Seasonal workers caught up in the ban were not available to pick asparagus, which has already sprouted in Germany, and to plant other crops in the fields where some 300,000 such workers were employed last year.

VIRUS OUTBREAK-SPORTS SPONSORSHIPS

Coronavirus shutdown presents challenges for teams, sponsors

UNDATED (AP) — Amid the coronavirus shutdown, sports business executives are having tough conversations about advertising and marketing contracts with no games on the horizon.

Everyone involved knows the relative insignificance of the discussions in the greater scheme of things. But billions of dollars are in play, and the results could have far-reaching implications for sports for years to come.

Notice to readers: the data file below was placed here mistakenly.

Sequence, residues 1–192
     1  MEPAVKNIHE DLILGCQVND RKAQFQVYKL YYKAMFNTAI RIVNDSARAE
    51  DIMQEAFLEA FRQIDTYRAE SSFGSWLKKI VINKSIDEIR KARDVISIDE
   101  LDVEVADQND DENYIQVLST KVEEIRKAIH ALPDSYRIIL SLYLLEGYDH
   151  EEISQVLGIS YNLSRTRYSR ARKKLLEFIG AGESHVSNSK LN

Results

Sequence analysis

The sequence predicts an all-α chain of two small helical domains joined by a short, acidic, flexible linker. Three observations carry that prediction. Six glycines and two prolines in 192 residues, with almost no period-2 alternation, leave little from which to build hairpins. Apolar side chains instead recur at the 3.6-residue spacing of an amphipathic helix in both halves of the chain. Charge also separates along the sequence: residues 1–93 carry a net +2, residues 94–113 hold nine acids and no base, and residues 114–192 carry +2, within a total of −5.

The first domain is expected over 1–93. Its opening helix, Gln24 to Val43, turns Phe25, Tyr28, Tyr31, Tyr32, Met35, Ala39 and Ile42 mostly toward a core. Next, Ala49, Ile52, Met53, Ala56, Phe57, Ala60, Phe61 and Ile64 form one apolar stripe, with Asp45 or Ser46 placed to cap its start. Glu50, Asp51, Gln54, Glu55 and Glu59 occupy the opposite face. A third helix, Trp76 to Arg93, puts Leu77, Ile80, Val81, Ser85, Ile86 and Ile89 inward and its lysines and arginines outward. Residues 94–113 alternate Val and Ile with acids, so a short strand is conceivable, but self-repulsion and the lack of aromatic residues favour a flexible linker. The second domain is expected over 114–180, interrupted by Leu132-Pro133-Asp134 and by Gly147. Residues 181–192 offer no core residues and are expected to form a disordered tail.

The conversations are made even more complicated by an almost infinite number of variables such as if, how and where games can be safely played again this year. It’s unclear when the NBA and NHL will be able to resume this season, if at all. If they start play again, it’s uncertain how they will deal with the rest of their regular seasons and playoffs. Major League Baseball is looking at myriad scenarios for its season, and even the NFL in its offseason is dealing with its own set of potential issues.

VIRUS OUTBREAK-TOILET PAPER

Wiped out of toilet paper? Here’s why

UNDATED (AP) — Finding toilet paper in a global pandemic is a struggle. That’s because it’s part of a very tight supply chain.

Toilet paper is so bulky and cheap that stores don’t keep big inventories on hand. So as more households buy a little extra, that causes a lot of disruption. Also, household demand is up 40% as offices and schools close.

But toilet paper companies can’t easily switch to make more household paper because commercial paper is very different.

There is some good news. Analysts say the panic buying from mid-March has eased somewhat, and toilet paper companies say they’re making fewer varieties in an effort to speed product to stores.